Similar intentional twisting of words and reality was made by Wisconsin Senate Minority Leader Mark Miller, who said that the Democrats had left the State Senate because they were “trying to allow opportunity for democracy to work.” In other words, democracy means “We won the election, we wrote the bill,” as Nancy Pelosi famously said, only when Democrats are in charge. If Republicans have a majority, democracy apparently means thwarting democracy. But then these are people for whom Obamacare means that costs will go down and you can keep your current coverage, so they’re clearly not afraid of living in an Orwellian world in which words mean what you say they mean.

Speaking of Obamacare, if the Republican response to the Democrats’ bribes, “deem and pass,” and misuse of budget reconciliation had been to flee D.C., while one could have understood the impulse (on that or any other day), the public — even most conservatives — would not have stood for it. Democrats believe they live and govern by a different standard, an outcome-based one rather than a rules-based one.

And unfortunately they are substantially correct due not least to the disparate treatment of the two political parties by the equally outcome-motivated “journalists” who lurk in major newsrooms across the country. Imagine for a moment the headlines had Republican U.S. Senators or Congressmen left the Capitol in an effort to stop a vote on Obamacare, a bill attacking economic and personal liberty for an industry that represents nearly one-sixth of the entire American economy. Perhaps “GOP abandons Republic,” or “Secession!” or “White Republicans hate Black President” would all have been front page, above the fold.

Now consider the media’s approach to Wisconsin Democrats fleeing the state to prevent a vote of a duly-elected legislature on a matter of state budgets and contracting rules (which is what collective bargaining rights are):

• “Obama joins Wisconsin’s budget battle, opposing Republican anti-union bill” (Wash. Post) — Actually, it’s a budget bill with a provision or two that unions don’t like. You didn’t see them calling Obamacare an “anti-medical device bill,” did you?

• “Democrats flee Wisconsin to protest union curbs” (Reuters) — This one briefly gives one hope that the Dems would stay away, though neighboring Illinois, where many of them went to avoid Wisconsin police jurisdiction, would seem to have enough of an infestation already.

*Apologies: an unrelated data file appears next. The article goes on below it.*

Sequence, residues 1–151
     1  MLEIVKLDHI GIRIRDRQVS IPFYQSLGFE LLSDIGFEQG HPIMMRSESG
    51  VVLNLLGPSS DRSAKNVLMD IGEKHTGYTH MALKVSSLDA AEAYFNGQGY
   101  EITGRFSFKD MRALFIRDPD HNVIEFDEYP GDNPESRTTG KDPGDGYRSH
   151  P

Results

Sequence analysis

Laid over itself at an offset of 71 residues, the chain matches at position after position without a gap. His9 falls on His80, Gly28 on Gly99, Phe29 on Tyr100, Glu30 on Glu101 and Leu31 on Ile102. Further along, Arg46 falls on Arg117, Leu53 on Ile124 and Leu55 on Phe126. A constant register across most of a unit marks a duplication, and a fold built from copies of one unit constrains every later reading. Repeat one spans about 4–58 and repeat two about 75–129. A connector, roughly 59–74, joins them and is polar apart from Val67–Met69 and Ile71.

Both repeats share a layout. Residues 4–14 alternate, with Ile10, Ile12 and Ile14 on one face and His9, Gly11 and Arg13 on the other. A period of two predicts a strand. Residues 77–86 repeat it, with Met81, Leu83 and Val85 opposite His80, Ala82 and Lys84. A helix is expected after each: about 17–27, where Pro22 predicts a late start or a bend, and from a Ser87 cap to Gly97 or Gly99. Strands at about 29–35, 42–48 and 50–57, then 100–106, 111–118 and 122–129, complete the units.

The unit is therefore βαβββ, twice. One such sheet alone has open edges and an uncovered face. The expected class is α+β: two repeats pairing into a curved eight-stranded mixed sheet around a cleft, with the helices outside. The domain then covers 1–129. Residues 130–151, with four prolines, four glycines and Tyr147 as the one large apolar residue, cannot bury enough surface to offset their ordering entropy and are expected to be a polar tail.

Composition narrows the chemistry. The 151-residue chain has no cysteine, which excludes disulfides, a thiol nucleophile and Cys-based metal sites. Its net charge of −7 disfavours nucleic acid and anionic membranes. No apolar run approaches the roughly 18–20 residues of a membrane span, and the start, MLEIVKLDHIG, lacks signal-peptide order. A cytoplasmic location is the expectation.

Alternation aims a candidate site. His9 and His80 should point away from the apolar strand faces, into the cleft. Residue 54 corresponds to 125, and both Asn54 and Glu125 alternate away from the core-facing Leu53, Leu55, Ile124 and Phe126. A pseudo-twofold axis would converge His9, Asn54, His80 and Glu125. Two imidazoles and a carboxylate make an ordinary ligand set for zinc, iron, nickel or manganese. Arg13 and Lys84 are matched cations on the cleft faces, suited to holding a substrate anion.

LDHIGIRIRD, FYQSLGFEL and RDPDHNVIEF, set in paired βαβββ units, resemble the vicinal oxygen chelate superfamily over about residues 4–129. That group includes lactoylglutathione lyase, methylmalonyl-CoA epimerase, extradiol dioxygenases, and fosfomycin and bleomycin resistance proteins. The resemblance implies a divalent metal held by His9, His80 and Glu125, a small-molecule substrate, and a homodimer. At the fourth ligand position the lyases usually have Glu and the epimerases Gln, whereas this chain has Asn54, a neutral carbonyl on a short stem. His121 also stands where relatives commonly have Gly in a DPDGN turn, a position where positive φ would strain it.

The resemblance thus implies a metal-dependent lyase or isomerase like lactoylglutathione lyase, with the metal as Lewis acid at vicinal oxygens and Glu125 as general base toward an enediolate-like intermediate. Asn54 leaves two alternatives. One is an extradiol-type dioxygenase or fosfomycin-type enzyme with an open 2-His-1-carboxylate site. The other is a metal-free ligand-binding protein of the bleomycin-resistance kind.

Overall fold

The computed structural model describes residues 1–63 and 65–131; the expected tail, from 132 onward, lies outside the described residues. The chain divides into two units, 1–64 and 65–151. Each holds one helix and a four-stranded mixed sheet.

• And one of my favorites from the Washington Post‘s always-wrong-on-economics Harold Myerson: “Workers toppled a dictator in Egypt, but might be silenced in Wisconsin.” All this does is make you wonder if the Egyptians might end up with a government of “Progressives” and wish they had Mubarak back. If they think they’re poor now, just wait until their public sector workers get collective bargaining rights. Furthermore, what part of events in Wisconsin gives any impression of workers being silenced?

But the people have mostly stopped being fooled, as shown by widely declining newspaper circulation and old-line news broadcast viewership and, more importantly, by the stunning rebuke of Democrats last November.

Wisconsin is a liberal enough state that the government and people might cave in at the sight of 25,000 workers and students chanting in front of the state capitol. But even there, my money is on a victory for a long-lost economic rationality and a continuing pushback against public sector unions, the most anti-democratic (even if pro-Democrat), anti-liberty, and economically damaging force in our nation. Americans, even with cheese on their heads, see through the union parasitism and through the plaintive cries of “democracy” made while thwarting it, even with the ever-thinning cover of the ever-shrinking liberal media.

With similar battles already heating up in other states, even under a Democrat governor in New York, the Egypt metaphor does carry the important lesson of potential contagion. Unlike the portrayal by their fellow travelers in the media, however, the unions are parallel figures to Mubarak, sucking billions out of the citizens’ pockets. The parallel to the military is the Wisconsin electorate, which finally stopped supporting a corrupt autocracy once a better alternative was seen. And those fighting back, as the long-suppressed Wisconsin Republicans finally are, will have success against the regime, in this case public sector unions, in a way that will awaken brave souls across the country.

Thus Wisconsin’s fight is truly “the people’s” fight, even though in precisely the opposite way from how the left and the unions intend us to believe. There’s no turning back here, for Wisconsin or for the nation.